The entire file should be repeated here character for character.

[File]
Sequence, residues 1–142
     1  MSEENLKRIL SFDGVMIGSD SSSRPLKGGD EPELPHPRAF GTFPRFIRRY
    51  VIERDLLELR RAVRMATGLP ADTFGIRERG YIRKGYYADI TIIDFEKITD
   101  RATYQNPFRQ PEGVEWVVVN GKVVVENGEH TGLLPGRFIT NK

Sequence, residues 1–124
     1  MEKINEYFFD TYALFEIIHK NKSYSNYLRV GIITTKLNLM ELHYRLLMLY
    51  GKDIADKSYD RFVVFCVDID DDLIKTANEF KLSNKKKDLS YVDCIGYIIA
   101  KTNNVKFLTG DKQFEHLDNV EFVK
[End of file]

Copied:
Sequence, residues 1–142
     1  MSEENLKRIL SFDGVMIGSD SSSRPLKGGD EPELPHPRAF GTFPRFIRRY
    51  VIERDLLELR RAVRMATGLP ADTFGIRERG YIRKGYYADI TIIDFEKITD
   101  RATYQNPFRQ PEGVEWVVVN GKVVVENGEH TGLLPGRFIT NK

Sequence, residues 1–124
     1  MEKINEYFFD TYALFEIIHK NKSYSNYLRV GIITTKLNLM ELHYRLLMLY
    51  GKDIADKSYD RFVVFCVDID DDLIKTANEF KLSNKKKDLS YVDCIGYIIA
   101  KTNNVKFLTG DKQFEHLDNV EFVK